Why Is The Cure For Cancer So Expensive?

I don’t normally do this. Get out of bed at ten past six in the morning to go and join a protest against Roche, the giant pharmaceutical company. But yesterday I am very glad I did. One bus and one tube later and I was standing outside Westminster Cathedral with an eclectic group of activists, doctors and charity workers. The most striking were those who’d donned the custom-made fluorescent pink dresses with added boobs. I wore a modest headband with messages stuck to it including ‘Pharma Greed Kills’ and similar protestations. Then off we went, marching from the Cathedral to the revolving doors of the Association of the British Pharmaceutical Industry.

Donna
Donna, in all her bright pink glory!

The groups on the march included Act Up London, Treatment Action Campaign and Stop Aids, all united in the struggle against HIV/AIDS and all aware that the greed of pharmaceutical companies affects people with so many other illnesses as well. Also present were Universities Allied for Essential Medicines, a student-led organisation working to improve access to and affordability of medicines. And it wasn’t just London in protest there were groups in Brazil, France, Malaysia, the US and Zambia. Meanwhile, the crowds gathering in South Africa were not only just making demands of Roche but were commemorating Tobeka Daki, a passionate activist who sadly died from cancer unable to afford the treatments.

Back in London we started chanting as we marched, “Say no to Pharma Greed, Give us the cancer drugs we need” and other less catchy numbers that didn’t rhyme. We got stared at, photographed, laughed at and cheered by various members of the public. At 8.30 in the morning we did make for a nice change from the usual grey of the morning commute. We overshot the ABPI building but quickly backtracked to set up shop. Whilst others chalked on the pavement in pink, gave speeches and waved placards I handed out leaflets and the message was clear: Roche can profitably manufacture a year’s supply of Herceptin® (unbranded it’s called Trastuzumab), a cancer fighting drug, for £190 yet it is currently costing patients tens of thousands of pounds annually. People are dying from a disease that can be treated because Roche is putting profits before people. Justice for people with breast cancer, that’s what we want.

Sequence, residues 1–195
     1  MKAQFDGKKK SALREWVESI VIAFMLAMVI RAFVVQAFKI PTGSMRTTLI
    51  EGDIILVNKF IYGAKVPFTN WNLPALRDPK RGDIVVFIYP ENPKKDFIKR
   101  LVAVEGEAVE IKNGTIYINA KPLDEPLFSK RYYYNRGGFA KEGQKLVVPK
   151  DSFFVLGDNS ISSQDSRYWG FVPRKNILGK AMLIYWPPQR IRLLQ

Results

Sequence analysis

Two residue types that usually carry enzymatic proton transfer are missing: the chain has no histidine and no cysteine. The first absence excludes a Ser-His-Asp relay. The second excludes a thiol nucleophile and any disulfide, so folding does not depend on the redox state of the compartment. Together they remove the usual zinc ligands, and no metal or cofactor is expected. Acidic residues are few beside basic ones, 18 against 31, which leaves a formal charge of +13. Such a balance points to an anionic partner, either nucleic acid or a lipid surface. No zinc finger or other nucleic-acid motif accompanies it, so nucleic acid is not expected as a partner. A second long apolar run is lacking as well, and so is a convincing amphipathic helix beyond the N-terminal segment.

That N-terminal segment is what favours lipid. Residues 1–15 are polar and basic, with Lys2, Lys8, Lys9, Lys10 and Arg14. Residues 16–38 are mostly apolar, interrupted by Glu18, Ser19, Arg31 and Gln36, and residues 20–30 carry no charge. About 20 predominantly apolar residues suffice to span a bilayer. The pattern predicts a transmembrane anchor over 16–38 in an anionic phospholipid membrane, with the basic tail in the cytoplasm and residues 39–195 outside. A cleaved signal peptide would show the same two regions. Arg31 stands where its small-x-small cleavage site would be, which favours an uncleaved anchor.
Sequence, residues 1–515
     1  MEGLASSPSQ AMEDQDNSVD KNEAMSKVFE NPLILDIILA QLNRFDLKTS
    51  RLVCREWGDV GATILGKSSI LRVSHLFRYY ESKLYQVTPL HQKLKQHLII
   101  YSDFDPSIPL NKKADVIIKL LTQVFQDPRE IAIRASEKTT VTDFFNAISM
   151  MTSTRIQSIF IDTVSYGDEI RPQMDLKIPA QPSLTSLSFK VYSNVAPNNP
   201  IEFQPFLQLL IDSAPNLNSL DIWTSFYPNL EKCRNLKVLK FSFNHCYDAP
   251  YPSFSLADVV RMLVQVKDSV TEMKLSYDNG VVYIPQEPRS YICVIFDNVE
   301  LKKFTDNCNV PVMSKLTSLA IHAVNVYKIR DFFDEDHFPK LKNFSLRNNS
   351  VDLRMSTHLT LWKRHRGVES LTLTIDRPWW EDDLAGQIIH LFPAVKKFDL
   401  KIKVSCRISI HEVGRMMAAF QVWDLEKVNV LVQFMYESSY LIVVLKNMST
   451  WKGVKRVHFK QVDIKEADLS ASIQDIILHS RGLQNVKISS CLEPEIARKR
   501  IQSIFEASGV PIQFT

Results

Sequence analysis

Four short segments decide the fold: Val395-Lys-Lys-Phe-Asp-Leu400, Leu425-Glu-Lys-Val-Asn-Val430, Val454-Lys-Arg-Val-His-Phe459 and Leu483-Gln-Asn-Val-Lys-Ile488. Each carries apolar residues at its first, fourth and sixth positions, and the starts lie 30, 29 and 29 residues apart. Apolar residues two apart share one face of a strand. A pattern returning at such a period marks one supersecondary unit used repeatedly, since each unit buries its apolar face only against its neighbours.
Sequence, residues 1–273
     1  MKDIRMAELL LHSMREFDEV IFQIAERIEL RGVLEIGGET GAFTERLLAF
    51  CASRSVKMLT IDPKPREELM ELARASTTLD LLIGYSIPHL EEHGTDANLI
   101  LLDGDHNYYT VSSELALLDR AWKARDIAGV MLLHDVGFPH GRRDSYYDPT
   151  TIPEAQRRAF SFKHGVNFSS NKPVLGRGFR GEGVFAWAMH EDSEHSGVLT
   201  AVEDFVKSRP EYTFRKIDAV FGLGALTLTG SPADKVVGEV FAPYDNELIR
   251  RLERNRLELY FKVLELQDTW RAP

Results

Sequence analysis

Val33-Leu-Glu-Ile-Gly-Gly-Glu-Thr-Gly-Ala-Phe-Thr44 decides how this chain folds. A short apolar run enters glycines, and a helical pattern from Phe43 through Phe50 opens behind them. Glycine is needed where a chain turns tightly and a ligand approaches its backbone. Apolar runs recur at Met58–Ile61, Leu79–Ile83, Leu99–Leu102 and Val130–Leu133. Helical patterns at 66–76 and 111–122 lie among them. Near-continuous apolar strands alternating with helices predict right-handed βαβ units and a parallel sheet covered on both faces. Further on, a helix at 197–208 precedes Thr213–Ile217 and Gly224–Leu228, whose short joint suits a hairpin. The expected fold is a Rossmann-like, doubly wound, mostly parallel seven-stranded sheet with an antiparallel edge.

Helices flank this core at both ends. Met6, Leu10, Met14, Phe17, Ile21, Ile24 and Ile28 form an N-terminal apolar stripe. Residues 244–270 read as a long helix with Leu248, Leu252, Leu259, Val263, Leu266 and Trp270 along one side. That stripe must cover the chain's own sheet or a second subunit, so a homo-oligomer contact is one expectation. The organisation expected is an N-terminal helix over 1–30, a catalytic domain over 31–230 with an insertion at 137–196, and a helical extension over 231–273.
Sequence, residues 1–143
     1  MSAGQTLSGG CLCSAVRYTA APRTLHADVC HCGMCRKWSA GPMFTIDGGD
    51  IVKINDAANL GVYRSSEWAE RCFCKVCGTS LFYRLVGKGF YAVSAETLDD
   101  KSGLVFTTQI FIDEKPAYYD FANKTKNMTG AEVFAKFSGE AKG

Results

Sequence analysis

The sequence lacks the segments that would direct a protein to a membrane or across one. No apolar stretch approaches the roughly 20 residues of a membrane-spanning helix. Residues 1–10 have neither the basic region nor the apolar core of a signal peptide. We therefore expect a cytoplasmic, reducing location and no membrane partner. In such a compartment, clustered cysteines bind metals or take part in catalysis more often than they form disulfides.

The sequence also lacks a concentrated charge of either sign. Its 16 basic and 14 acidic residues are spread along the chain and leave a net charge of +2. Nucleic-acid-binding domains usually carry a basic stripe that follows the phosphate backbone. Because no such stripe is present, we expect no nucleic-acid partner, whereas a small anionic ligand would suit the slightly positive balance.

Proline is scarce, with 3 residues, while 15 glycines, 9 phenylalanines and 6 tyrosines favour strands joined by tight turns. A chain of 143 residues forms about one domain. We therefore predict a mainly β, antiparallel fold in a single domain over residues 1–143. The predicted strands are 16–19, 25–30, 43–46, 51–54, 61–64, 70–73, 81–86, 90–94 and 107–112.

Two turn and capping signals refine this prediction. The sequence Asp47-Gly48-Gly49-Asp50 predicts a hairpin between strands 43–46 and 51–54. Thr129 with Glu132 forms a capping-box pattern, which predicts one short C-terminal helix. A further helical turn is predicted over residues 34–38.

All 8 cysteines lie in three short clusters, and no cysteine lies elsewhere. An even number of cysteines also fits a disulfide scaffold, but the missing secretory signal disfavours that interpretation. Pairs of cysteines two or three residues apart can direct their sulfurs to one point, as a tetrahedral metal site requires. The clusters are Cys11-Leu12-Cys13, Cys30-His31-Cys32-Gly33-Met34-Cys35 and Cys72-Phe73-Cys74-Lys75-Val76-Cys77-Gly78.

Many people avoided my gaze as I tried handing out the flyers whilst others just carried on listening to their music (seriously, I spotted so many of those fancy, giant ambient-noise blocking headphones than ever before). Some did take the flyer with an awkward smile whilst others stopped to find out more. That, for example, the development of Herceptin® and other vital cancer treating drugs depended on public sector support, philanthropic donations and the US government’s National Institutes of Health. Whilst Roche and one of its subsidiaries, Genentech, also invested in the development of these drugs for some reason they hold the patent so can set the price. And that price is high, they’ve already earned more than $60 billion in profits from the sale of Herceptin® alone. Roche’s CEO, Severin Schwan, isn’t doing that badly either. Back in 2015 he took home a nice salary of $12 million. So, whilst Roche could easily cut the cost of these drugs and still make a profit they just aren’t.